BOWMAN: One Union general saw his troops disappear into the sunken road, and was heard to say, "God save my poor boys." But after terrible losses, the Union troops were able to encircle the Confederates. The sunken road became a death trap for the men inside; men like Sgt. James Shinn, of the 4th North Carolina Regiment. He watched hundreds of his fellow soldiers flee to the rear. He later scratched this entry in his diary.
UNIDENTIFIED MAN #2: (Reading) The Minie balls, shot and shell rained upon us from every direction except the rear. Many men took this chance to leave the field entirely. Many officers were killed and wounded - and, I am sorry and ashamed to say, left the field unhurt.
SNYDER: You have almost 2,000 Confederate dead and wounded, that have piled up in this road. When the Union men got into this, they tried to advance. And as one man said, "we made our stand on the ghastly flooring."
BOWMAN: The sunken road would forever be known as Bloody Lane. It was a turning point in the battle.
SNYDER: Once this thing collapses, the center of Lee's entire army has been broken wide open. It is absolute desperation.
(SOUNDBITE OF FLOWING CREEK)
BOWMAN: The battle shifted to the third and final phase, next to the waters of Antietam Creek. Nearby, a stone bridge crosses the creek. And on the other side, there's a steep bluff; a hundred feet, straight up. Confederate soldiers were dug in. They had a perfect shot at any advancing troops below.
SNYDER: It's a fortress. The Union 9th Corps. had to attack a castle. There's the ramparts. There's the drawbridge, and there's the moat. And so it was almost impossible to try to take this position.
BOWMAN: The plan was to hit the Confederates from two sides. Some would cross a river downstream; other federal troops would storm straight across the bridge.
SNYDER: This bridge is a crucial crossing.
BOWMAN: It took three Union assaults - and nearly three hours - to take the bridge. The final assault was led by Brig. Gen. Edward Ferrero, who led veteran soldiers from New York and Pennsylvania.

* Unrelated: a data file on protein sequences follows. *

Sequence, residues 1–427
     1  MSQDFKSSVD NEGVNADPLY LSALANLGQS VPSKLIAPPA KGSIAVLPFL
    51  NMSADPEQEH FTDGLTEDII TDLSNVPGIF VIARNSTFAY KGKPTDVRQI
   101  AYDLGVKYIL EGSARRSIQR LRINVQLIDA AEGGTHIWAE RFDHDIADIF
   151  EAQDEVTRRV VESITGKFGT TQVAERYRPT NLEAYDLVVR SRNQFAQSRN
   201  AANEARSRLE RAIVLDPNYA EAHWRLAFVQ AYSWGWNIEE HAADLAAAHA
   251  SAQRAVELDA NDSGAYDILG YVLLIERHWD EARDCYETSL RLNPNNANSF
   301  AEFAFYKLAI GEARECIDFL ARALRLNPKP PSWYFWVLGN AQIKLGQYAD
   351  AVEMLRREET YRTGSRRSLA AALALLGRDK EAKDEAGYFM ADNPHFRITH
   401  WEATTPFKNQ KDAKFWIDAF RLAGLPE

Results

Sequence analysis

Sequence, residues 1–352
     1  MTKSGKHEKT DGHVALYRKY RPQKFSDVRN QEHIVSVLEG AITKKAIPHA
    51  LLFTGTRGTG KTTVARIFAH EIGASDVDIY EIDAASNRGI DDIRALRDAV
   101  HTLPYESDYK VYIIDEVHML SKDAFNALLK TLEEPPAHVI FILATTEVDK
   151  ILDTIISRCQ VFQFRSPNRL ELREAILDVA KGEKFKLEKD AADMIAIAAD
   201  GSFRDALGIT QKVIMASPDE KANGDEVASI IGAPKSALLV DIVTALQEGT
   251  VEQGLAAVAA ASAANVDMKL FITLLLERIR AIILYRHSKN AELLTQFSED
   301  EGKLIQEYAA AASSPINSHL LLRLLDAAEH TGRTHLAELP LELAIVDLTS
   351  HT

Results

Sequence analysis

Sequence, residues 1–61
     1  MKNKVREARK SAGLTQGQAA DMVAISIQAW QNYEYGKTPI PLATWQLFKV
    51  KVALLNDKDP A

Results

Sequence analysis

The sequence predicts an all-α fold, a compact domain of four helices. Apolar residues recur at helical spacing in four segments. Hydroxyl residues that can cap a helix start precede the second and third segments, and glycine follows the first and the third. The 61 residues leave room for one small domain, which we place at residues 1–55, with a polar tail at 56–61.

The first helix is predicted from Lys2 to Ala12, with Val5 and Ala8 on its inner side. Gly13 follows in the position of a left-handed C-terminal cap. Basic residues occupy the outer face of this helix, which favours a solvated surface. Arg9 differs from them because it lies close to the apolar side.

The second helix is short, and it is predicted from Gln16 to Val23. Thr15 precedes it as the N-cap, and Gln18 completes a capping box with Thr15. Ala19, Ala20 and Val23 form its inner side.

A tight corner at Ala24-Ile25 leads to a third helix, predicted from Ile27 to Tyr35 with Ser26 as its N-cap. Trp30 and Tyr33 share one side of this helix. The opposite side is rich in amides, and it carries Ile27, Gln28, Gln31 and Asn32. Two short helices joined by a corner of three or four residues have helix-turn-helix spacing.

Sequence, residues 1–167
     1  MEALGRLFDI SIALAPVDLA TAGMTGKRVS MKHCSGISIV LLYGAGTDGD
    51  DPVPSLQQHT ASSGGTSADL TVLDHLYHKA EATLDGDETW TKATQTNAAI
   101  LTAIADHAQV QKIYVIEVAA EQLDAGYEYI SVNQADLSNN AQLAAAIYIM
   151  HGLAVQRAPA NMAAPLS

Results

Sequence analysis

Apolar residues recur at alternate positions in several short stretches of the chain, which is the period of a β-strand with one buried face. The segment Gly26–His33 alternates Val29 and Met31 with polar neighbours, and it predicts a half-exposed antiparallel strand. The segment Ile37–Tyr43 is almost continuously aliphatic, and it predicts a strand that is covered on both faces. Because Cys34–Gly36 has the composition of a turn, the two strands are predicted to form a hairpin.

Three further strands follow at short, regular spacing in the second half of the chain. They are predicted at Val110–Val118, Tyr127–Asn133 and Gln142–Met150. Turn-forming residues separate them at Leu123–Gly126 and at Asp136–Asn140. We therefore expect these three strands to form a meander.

SNYDER: He had taken their whiskey ration because they got in a little trouble on the way up here. And of course, one of the fellows from Pennsylvania said, hey, if you give us our whiskey, we'll take the bridge.
BOWMAN: They did take the bridge, and later got a keg of whiskey. Thousands of Union troops climbed the bluff, and then the real fight began against the main Confederate force. But Gen. Lee's reinforcements saved his army, and the Union troops were pushed back to the bridge.
SNYDER: But basically, at the end of all of this combat - from 10 in the morning till dark - everybody's just about where they were when they started. The lines have shifted a hundred yards.
BOWMAN: So 23,000 casualties, 12 hours; and they're pretty much a stalemate.
SNYDER: Yes, sir.
BOWMAN: Late the next day, Gen. Robert E. Lee slipped his army across the Potomac. The Union commander, Gen. George McClellan, failed to pursue Lee. He was soon fired by President Lincoln. The partial victory at Antietam, gave Lincoln what he needed to issue the Emancipation Proclamation. It would free the slaves in the Confederate states the following January. After Antietam, the war would no longer be just about preserving the Union.
Tom Bowman, NPR News.
MONTAGNE: And you can see photos of Antietam, taken just days after the battle, at our website. You can also see how the battlefield looks today.
INSKEEP: We asked photographer Todd Harrington to take pictures from the exact spots where the original photos were taken. He even used a Civil War-era camera, the kind where you stand under a black cloth to take the shot.
MONTAGNE: You can see the photos, and compare them to the originals, at npr.org; and hear more about Todd Harrington's process later today, on ALL THINGS CONSIDERED.
(SOUNDBITE OF MUSIC)
MONTAGNE: This is NPR News.